Michelle O’Neill’s ‘no alternative’ to violence comment provokes backlash

Michelle O’Neill has been accused of a “warped attempt to justify the unjustifiable” after she claimed there was “no alternative” to the Provisional IRA’s campaign of violence.

By Mark Rainey
Wednesday, 3rd August 2022, 4:18 pm
Updated Thursday, 4th August 2022, 12:45 pm

The Sinn Fein vice-president made the comments during an interview for the BBC podcast series Red Lines.

Having stressed that Ms O’Neill has been outspoken in her opposition to violence, interviewer Mark Carruthers asked: “But do you still feel that it was right at that time, for members of your family and others, to engage in violent resistance to British rule here?”

She replied: “I think at the time there was no alternative, but now thankfully we have an alternative to conflict, and that is the Good Friday Agreement – that is why it’s so precious to us all.”

Sinn Fein vice-president Michelle O'Neill. Photo: Liam McBurney/PA Wire

The interview covered a number of aspects of the Sinn Fein leader’s early life, including being “prayed over” at her Catholic grammar school when she became pregnant at 16, however, it was her comments about the IRA that sparked a backlash.

Sir Jeffrey Donaldson said Ms O’Neill cannot claim to be a first minister-in-waiting for everyone in Northern Ireland, while at the same time “apparently standing over sectarian and cold-blooded atrocities like Enniskillen, La Mon and Kingsmill”.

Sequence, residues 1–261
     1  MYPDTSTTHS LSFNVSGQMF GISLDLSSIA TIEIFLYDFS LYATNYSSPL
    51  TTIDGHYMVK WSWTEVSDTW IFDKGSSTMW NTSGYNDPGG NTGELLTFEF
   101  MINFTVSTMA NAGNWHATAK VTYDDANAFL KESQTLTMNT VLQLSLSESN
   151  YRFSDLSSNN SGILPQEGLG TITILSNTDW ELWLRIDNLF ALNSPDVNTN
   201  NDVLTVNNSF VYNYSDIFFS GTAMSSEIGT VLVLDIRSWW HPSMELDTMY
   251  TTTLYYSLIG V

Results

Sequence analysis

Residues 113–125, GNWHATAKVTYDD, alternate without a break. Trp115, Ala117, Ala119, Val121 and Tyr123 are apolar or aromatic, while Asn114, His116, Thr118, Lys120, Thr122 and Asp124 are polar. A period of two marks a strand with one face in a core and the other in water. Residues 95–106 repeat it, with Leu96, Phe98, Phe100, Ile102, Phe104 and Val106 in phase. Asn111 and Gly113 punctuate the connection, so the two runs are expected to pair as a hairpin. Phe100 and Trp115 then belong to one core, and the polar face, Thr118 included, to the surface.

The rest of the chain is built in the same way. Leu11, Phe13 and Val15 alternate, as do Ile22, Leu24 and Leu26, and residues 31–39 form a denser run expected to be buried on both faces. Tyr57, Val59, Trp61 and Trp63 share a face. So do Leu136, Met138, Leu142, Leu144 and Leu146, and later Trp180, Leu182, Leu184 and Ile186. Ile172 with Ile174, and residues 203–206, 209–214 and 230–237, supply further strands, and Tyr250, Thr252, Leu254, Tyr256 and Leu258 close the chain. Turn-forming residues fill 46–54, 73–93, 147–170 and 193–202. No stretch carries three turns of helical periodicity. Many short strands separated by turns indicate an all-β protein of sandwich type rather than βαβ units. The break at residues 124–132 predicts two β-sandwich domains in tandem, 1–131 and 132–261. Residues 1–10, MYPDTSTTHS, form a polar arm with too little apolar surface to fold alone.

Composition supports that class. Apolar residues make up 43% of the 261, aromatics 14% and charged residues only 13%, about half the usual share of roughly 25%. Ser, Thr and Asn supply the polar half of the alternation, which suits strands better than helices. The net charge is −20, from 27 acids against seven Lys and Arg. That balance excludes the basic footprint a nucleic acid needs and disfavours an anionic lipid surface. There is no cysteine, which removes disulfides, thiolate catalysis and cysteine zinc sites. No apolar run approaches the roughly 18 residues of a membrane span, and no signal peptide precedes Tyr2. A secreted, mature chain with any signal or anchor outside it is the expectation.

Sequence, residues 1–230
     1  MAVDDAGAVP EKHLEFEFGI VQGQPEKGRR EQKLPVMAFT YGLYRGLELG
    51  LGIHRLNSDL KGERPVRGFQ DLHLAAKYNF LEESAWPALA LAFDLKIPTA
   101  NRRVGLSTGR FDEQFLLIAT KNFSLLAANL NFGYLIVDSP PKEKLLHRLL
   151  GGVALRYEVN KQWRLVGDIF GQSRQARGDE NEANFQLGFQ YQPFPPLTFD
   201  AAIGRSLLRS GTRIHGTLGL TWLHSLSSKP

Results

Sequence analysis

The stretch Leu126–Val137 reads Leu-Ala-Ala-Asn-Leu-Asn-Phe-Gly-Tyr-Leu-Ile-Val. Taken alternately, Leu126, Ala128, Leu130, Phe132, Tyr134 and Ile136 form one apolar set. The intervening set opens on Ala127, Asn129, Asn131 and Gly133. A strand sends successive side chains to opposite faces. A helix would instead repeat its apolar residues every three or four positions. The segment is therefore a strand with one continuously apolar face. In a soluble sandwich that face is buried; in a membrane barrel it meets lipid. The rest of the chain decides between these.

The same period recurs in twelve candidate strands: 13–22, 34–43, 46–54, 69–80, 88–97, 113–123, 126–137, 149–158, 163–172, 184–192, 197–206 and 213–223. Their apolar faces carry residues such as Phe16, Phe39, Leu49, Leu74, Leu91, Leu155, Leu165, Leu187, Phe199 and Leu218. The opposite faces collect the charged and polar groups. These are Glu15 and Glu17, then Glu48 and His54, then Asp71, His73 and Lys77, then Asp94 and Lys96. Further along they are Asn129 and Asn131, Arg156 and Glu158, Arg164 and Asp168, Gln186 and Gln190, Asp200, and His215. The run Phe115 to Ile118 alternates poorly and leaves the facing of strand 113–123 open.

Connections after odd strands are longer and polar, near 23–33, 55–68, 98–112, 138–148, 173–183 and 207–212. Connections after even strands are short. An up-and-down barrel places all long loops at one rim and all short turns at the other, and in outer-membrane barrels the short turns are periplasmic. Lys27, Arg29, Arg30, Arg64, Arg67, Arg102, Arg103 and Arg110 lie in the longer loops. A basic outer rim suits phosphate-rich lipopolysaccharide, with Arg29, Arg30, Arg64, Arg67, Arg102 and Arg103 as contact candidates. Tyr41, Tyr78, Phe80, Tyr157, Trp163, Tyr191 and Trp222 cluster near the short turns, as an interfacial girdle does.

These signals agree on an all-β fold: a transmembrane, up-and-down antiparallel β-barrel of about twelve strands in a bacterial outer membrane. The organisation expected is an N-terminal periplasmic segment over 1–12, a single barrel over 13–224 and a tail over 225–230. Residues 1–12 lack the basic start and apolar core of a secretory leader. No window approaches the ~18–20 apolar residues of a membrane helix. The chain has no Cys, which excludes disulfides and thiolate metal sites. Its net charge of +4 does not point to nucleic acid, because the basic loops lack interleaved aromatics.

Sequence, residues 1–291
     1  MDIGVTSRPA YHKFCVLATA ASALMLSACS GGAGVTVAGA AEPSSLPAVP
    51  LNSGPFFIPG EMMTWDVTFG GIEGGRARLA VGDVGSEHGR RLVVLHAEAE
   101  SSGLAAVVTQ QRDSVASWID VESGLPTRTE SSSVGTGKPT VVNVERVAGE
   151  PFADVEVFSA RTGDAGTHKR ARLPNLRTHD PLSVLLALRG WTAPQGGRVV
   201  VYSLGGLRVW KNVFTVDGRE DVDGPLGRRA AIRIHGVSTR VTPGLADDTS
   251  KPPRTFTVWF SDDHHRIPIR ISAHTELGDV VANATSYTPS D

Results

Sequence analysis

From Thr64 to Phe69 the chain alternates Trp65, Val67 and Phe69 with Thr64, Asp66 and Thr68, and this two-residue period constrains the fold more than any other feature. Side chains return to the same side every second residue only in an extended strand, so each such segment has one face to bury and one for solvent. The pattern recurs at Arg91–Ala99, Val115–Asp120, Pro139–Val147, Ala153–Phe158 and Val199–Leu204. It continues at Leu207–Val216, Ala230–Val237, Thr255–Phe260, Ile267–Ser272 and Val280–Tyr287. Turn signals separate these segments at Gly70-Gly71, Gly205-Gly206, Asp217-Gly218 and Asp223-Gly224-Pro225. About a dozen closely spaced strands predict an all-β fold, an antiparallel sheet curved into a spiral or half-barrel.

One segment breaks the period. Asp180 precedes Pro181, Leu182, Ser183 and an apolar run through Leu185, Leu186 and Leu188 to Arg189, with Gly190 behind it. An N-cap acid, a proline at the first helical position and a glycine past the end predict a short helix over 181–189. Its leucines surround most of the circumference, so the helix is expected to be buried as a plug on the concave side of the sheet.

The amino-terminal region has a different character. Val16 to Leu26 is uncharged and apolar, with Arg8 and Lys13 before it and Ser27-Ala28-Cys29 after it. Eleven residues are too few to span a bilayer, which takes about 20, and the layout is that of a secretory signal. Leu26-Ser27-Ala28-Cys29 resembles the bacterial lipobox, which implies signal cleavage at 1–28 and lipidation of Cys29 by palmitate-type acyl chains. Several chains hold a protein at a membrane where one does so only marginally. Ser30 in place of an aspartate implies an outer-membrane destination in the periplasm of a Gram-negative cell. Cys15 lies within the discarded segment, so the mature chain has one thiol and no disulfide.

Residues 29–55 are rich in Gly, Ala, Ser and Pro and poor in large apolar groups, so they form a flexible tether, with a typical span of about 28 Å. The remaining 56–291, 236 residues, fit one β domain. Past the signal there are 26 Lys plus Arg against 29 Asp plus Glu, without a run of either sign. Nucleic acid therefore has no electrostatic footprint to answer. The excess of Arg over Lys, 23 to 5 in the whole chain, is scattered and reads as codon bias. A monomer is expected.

The DUP leader said: “There was never a justification for violence.

“Even in Northern Ireland’s darkest days the overwhelming majority of our people respected democracy, the rule of law and – where they felt passionately about a particular cause – took part in peaceful protest. Sinn Fein can pretend there was no alternative but they are condemned by the facts.”

Sir Jeffrey went on to say: “This party will continue to challenge warped attempts to justify the unjustifiable. There can be no rewriting of history and the memory of innocent victims of terrorism must never be forgotten.”

During the interview, Ms O’Neill described being born in 1977, “a time when there was a lot of conflict”, “into a society which was actively discriminating against Catholics”.

She also recalled raids by police on her family home, referring to her father Brendan Doris as an ex-prisoner who went on to become a councillor for Sinn Fein, and added: “I wish the conditions were never here that actually led to conflict.

“I wish that so many people didn’t have the horrible experience that they’ve had throughout the conflict days.

“My narrative is a very different one to someone who has perhaps lost a loved one at the hands of republicans so I think that we need to be mature enough to say, that’s okay, we’ll have to agree to differ on that one but let’s make sure the conditions never exist again that we find ourselves in that scenario.”

TUV Strangford spokesperson councillor Stephen Cooper: “The claim by Sinn Fein’s leader in Northern Ireland that there ‘was no alternative’ to IRA terrorism is a telling insight into the mindset of someone who claims that she wants to be a first minister for everyone.

“Just a few days ago victims of the IRA Claudy bombings met to remember their loved ones... that is the stark reality of what Ms O’Neill claims there was ‘no alternative’ to.“

Cllr Cooper added: “These comments not only make a mockery of the republican movement’s supposed support for the much-lauded Mitchell principles but on a more basic level, the rule of law, and grossly insult the countless victims of Provo terror”.